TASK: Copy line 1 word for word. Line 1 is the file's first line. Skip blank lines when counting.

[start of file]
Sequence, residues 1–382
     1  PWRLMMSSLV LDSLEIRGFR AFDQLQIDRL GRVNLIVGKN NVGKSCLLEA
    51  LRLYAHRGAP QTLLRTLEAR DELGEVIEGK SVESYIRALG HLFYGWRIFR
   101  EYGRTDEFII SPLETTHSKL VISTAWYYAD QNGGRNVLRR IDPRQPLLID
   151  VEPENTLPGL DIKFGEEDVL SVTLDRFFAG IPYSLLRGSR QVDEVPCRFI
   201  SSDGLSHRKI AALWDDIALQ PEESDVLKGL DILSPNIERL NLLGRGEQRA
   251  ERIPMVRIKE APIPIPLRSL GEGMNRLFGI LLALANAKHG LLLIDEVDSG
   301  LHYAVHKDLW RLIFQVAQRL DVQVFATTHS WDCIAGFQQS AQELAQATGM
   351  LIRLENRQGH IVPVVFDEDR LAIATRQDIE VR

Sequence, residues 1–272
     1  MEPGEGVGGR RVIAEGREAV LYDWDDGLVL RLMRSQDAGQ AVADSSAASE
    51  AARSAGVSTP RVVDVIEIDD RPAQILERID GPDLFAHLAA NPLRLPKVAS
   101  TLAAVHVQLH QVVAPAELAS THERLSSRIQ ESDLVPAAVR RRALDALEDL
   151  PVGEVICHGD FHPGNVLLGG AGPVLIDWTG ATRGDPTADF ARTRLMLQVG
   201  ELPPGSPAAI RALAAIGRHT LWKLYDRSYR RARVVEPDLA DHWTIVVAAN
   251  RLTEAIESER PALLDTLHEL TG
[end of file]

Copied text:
Sequence, residues 1–382